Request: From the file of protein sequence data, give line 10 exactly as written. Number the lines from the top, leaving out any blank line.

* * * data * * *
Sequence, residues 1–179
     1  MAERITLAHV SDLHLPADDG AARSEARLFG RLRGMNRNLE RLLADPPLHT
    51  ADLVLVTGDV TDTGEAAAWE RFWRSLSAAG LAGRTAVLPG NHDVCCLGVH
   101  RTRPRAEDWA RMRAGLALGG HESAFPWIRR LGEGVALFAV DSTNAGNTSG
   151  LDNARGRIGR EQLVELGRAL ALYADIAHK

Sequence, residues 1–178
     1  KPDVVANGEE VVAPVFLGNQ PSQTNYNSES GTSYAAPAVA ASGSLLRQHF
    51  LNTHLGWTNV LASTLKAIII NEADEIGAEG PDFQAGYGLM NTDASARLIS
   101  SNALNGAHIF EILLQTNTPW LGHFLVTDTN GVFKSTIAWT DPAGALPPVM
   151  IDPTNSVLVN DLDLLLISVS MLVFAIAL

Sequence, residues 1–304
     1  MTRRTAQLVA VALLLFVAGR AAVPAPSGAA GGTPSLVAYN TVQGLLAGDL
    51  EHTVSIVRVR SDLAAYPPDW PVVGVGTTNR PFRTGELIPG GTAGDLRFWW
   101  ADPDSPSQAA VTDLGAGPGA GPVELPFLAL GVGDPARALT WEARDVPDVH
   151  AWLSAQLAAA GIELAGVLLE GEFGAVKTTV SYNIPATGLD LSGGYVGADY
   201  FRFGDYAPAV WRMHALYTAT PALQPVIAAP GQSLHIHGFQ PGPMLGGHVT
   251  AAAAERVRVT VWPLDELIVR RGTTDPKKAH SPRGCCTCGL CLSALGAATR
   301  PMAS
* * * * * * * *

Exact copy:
   151  IDPTNSVLVN DLDLLLISVS MLVFAIAL